A sideways look at economics

There’s no event that brings people from around the world together quite like the World Cup. In contrast to other big international tournaments, there seems to be a tangible chance of success for all teams rather than a fight between the largest and richest. This is perhaps more evident than ever in this year’s tournament, with Saudi Arabia beating one of the favourites, Argentina, while Japan secured a win over four-time champions Germany. The event is also a chance for the host to showcase all their country has to offer, promoting themselves on the international stage and allowing others to become immersed in their culture: all fostered by the commonality of football. This World Cup, however, has been striking in how divisive these cultural differences can prove to be, sparking heated debates about the extent of tolerance.

From the start Qatar was an eyebrow-raising pick to host the World Cup. Initial concerns were directed at the extreme temperatures a Qatari summer would inflict on the players, leading to the delay until winter. Focus then shifted to the reportedly brutal conditions workers were facing as construction of the stadiums was under way. Then finally, as the build up to the tournament commenced, attention grew on Qatar’s human rights record.

World Cup hosts have historically had better human rights than the average country of the time. Out of the 23 host countries, there have been only four whose citizens had weaker freedoms than the world median, according to data from Our World in Data. These four were: Italy in 1934 (under the fascist rule of Mussolini), Argentina in 1978 (two years after a military junta overthrew the world’s first female president), Russia in 2018 (four years after its annexation of Crimea) — and finally Qatar in 2022. In fact, never in the history of the tournament has the host country lagged so far behind the world median as Qatar.

Should we tolerate intolerance?

Many in the West are hoping the tournament will bring about lasting liberal changes to the country and region. A strong argument can be made that without this World Cup, and the resulting international pressure, change would be much slower. Data suggest that, in the ten years following a World Cup, the host’s civil liberties (a score expressed as a percentage of the maximum score) tend to increase by 22% on average. Sounds good, right? Well, not as good when compared to the 21% increase the average country experiences over ten years. However, when looking only at the hosts which had the worst scores at the time of their World Cup (bottom 25th percentile), the increase was almost 90% in the following decade. Whether or not the World Cup was a direct source of this change, it has undoubtedly brought international attention to issues in these countries that would otherwise have carried on unaddressed.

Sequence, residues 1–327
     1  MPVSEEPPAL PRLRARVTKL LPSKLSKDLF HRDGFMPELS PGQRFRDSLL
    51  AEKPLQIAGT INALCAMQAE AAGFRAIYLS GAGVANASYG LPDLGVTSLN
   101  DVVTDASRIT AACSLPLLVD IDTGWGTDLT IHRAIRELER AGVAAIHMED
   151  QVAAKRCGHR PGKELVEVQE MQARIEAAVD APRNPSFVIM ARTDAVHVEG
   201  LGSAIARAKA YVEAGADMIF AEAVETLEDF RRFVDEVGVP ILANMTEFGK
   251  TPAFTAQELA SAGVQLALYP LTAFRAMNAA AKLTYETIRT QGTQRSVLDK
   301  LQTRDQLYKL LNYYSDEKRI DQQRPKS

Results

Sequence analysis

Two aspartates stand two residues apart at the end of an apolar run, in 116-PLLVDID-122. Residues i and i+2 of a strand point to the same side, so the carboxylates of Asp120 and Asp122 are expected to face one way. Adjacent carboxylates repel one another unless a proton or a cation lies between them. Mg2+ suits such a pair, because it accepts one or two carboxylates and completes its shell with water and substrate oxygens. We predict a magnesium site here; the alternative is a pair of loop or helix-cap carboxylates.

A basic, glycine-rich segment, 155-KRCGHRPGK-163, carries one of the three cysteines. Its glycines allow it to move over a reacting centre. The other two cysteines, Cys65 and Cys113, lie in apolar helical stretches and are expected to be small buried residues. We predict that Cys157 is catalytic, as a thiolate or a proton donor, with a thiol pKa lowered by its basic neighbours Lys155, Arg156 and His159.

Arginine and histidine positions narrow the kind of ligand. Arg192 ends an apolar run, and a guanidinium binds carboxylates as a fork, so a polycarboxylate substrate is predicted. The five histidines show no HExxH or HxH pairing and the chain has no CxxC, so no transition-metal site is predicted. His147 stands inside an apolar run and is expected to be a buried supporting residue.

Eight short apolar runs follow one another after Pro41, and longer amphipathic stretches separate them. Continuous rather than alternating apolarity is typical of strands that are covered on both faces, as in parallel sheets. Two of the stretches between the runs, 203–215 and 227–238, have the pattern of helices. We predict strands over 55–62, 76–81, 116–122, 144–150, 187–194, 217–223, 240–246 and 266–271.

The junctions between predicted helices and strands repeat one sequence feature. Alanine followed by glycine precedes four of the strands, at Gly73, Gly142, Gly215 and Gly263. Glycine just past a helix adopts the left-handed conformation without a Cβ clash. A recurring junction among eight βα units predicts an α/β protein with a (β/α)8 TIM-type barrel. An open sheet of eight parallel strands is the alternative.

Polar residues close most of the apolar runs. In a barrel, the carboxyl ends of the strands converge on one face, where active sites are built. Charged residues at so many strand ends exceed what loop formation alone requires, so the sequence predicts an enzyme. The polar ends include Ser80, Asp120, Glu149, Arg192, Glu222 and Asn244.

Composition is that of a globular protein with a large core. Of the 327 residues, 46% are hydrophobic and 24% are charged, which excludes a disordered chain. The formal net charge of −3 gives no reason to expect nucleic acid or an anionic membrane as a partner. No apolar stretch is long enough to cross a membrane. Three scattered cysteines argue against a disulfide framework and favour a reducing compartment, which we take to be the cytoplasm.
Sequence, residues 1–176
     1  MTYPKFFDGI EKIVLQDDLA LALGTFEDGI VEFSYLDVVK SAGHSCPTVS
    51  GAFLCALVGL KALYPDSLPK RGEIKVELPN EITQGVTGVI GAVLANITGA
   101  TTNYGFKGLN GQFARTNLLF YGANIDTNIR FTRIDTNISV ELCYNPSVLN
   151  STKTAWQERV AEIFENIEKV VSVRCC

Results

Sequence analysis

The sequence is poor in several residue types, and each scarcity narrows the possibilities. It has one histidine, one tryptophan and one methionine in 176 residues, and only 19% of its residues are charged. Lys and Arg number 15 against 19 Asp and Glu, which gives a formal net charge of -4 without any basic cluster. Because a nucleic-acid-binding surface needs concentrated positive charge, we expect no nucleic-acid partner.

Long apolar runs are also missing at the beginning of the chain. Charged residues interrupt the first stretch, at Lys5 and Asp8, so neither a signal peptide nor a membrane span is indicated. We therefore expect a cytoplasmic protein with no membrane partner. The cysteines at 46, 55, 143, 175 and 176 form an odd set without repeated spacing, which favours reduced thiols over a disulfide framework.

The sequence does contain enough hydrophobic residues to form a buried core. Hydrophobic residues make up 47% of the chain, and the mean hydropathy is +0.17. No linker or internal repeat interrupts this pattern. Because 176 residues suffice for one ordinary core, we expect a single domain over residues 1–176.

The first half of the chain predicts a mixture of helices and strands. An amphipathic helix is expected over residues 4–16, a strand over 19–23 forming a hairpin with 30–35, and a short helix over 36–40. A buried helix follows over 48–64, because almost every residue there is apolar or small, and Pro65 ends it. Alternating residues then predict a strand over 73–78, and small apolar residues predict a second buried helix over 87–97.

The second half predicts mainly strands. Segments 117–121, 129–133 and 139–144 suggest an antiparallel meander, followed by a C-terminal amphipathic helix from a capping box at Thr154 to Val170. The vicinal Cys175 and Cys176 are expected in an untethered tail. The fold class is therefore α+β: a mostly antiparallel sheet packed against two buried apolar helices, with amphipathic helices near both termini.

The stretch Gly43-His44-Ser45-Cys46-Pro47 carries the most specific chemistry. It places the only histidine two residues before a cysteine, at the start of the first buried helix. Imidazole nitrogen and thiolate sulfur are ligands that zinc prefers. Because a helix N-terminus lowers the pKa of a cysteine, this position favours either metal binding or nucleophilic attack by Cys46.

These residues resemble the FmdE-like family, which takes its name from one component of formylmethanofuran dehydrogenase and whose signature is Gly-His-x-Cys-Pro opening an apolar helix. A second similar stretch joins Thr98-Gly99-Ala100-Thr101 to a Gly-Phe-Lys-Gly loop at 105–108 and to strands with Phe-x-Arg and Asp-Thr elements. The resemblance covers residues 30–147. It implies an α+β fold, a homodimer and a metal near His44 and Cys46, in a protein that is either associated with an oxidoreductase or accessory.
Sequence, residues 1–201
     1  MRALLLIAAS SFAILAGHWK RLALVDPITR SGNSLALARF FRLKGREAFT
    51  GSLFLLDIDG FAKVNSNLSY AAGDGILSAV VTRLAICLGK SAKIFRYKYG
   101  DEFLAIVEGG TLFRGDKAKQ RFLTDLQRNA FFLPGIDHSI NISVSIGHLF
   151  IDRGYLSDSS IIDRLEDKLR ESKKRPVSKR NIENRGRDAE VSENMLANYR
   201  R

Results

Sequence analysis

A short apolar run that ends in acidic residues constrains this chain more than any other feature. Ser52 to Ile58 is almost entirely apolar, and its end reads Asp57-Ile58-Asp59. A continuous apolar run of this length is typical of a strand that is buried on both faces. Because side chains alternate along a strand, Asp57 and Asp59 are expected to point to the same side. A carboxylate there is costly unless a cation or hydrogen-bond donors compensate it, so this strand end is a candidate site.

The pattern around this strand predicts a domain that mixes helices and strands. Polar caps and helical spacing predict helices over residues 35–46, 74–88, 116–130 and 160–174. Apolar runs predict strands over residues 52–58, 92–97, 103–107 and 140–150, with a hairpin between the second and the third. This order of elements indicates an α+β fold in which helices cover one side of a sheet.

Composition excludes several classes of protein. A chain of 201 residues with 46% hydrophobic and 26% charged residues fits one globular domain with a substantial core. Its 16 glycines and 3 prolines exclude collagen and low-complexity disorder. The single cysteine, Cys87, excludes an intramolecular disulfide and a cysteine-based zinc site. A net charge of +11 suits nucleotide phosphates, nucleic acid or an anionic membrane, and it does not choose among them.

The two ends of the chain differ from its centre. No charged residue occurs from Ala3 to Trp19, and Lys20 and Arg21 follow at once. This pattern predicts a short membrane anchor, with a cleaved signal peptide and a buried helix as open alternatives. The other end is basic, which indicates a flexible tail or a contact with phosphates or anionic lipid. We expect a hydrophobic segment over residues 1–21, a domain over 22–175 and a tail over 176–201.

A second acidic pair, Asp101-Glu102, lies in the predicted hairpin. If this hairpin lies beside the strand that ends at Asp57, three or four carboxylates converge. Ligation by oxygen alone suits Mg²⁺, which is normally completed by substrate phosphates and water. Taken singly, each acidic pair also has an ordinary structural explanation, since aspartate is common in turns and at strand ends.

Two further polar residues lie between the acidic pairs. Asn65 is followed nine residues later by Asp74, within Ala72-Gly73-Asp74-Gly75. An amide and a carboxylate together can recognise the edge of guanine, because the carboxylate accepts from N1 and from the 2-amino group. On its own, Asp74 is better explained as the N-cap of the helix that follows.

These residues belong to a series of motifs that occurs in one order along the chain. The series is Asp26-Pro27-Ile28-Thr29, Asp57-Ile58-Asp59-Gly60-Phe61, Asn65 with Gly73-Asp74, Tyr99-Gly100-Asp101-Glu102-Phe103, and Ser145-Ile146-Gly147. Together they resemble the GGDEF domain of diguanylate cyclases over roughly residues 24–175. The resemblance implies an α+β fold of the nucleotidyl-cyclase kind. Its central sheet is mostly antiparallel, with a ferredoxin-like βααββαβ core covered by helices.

Western criticism of the choice of host was recently attacked by FIFA president Gianni Infantino. “How many of these Western companies, who earned millions and millions from Qatar, addressed the rights of migrant workers with the authorities?” he asked. FIFA is keen to stress that the event can be a catalyst for progress, and that Qatar has made significant steps as a direct result of the tournament – steps that it is unlikely otherwise to have taken. They point to reforms to the ‘kafala’ system which has been used to repress millions of migrant workers, new minimum wages and increased worker safety measures. Tolerating Qatar and giving the country centre stage in the international community has, in FIFA’s view, created significant change.

While these nominal reforms are hard to criticise, it is their enforcement that is key to their success, and this is difficult to track. Data from Varieties of Democracy would agree with FIFA that significant progress was made after Qatar was selected as host for the 2022 World Cup. However in 2021, they reported that all this progress ‒ and more ‒ had been lost. A similarly disheartening drop was seen in their measure of Qatar’s freedom of expression.

Should we tolerate intolerance?

Other commentators argue that lasting change isn’t achieved through tolerating intolerance. They contend that by accepting these inequalities, you can legitimise them. So instead of tolerating Qatar’s social and cultural inequalities, the international community should be taking steps to boycott them. Of course, isolating a country can worsen the lives and freedoms of its citizens, at least in the short term. An example of this is modern-day Russia, whose people are seeing a clampdown in freedoms as international isolation, resulting from the war in Ukraine, grows. But this strategy has a proven track record in achieving its objectives eventually. Apartheid South Africa was isolated increasingly from the 1960s, both economically and politically. This included sporting boycotts from the World Cup, Olympics and Commonwealth Games. By the early ‘90s the apartheid government had collapsed: a collapse that Nelson Mandela said “there is no doubt” was helped by the sanctions.

If apartheid South Africa had instead been accepted, would change have happened? Tolerance is a cornerstone of modern western ideology, but tolerance should surely have a limit. Philosopher Karl Popper described this dilemma as the paradox of tolerance: “If we extend unlimited tolerance even to those who are intolerant, if we are not prepared to defend a tolerant society against the onslaught of the intolerant, then the tolerant will be destroyed, and tolerance with them”.

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